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If you kiss enough frogs…………..

I have finally met the networking queen in my community. She is a small business owner who spends over 50 % of her time in networking meetings and another 20% on social media. She proudly told me that she orders 1000 business cards every three months and her goal is to run short by the end of the third month.

I met this person several years ago at a friend’s house and yes, I received her business card. I saw her at several different civic functions over the last few years but we never spent any time talking about her business. I was surprised when she called to set an appointment to talk about my services. The following story is shared with her permission.

The business is four years old and she worked for a similar company before she started her own firm. She used her retirement account to fund the business, then set up a corporation, rented an office and hired an assistant to run the office while she worked on developing a new clientele. Selling insurance is a very competitive business and she felt that the business would grow if enough people heard about it. Due to restrictions in her previous contract, only a handful of clients followed her to her own company.

Four year later, she is a recognized figure at most networking meetings. Her business is making barely enough money to pay all the overhead as long as she doesn’t take a salary. The marketing budget is the cost of attending networking meetings, paying dues, meals, entrance fees, etc. She is the proud owner of 6 shoe boxes filled with cards she has gathered over the past four years. The 30 % of her time that is allocated to working in the business is meeting with prospects, mostly over the phone, quoting rates and calling on people she met about purchasing insurance products.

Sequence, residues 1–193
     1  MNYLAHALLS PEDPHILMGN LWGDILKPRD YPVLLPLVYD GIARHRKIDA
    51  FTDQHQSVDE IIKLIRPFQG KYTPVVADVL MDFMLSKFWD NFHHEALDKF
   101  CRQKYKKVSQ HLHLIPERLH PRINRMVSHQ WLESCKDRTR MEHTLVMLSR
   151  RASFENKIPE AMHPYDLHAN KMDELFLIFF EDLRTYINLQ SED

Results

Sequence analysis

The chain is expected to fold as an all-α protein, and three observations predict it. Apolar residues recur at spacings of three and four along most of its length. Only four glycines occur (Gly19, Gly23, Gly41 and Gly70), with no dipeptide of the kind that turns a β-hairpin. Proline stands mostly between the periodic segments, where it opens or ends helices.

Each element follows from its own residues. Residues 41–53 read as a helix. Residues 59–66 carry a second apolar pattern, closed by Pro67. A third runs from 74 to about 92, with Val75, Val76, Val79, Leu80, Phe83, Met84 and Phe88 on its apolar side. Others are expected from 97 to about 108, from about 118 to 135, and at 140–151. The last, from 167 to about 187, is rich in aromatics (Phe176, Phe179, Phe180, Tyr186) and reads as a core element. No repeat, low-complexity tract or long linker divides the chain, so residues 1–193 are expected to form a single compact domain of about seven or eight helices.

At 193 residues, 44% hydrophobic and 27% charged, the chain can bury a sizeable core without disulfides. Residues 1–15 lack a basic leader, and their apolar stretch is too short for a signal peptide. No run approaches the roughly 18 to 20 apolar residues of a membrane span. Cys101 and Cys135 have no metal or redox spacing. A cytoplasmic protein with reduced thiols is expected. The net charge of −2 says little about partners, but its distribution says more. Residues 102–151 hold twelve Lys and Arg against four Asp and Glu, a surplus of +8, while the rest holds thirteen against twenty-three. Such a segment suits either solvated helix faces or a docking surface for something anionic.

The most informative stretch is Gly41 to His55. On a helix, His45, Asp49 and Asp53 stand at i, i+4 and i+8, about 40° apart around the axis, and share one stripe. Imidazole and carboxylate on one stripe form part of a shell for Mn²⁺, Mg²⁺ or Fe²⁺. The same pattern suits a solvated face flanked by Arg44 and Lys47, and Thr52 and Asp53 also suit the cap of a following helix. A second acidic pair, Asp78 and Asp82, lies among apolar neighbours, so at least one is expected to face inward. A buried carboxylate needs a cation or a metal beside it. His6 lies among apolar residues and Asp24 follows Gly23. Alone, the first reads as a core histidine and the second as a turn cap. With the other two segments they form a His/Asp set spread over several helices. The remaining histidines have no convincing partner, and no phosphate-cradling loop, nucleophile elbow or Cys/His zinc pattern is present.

We are now two months into working together. Handing out 300 cards a month has been replaced with phone calls as well as personal calls to her existing clinets. For the first time an actual budget exists which includes the necessary income to pay her salary as well as building a reserve account. A “most important goal” business plan was developed and is being implemented.

Our marketing consisted of taking cards from her most recently filled shoe box and setting up three, in person visits, a week. We crafted a carefully worded story about how she got into the business, why she is in it and what makes her different.  She made arrangements with an attorney in her building to use their conference room to offer educational sessions for her clients, both personal and business. A monthly “important insurance news” newsletter will be published for the first time next month.

For the first time in the business history there has been a plan with accountability. We meet weekly for one hour, review action items and set goals for next week. At the end of the second month we showed some financial progress and hope to be at break even, including her full salary, by the end of the fourth month.  In the second month she added more new clients than in any other previous month and retention has improved.

There are still a lot of hurdles to overcome but she insisted that I tell her story in order to emphasize the importance of getting support, establishing a plan and working it.

“It is those who concentrate on but one thing at a time who advance in this world.”  Og Mandino

At Strategic Duck we concentrate on applicable, affordable and sustainable support for our clients. Contact Nick at : Www. strategicduck.com     or by e-mail at   nick@strategicduck.com.

 

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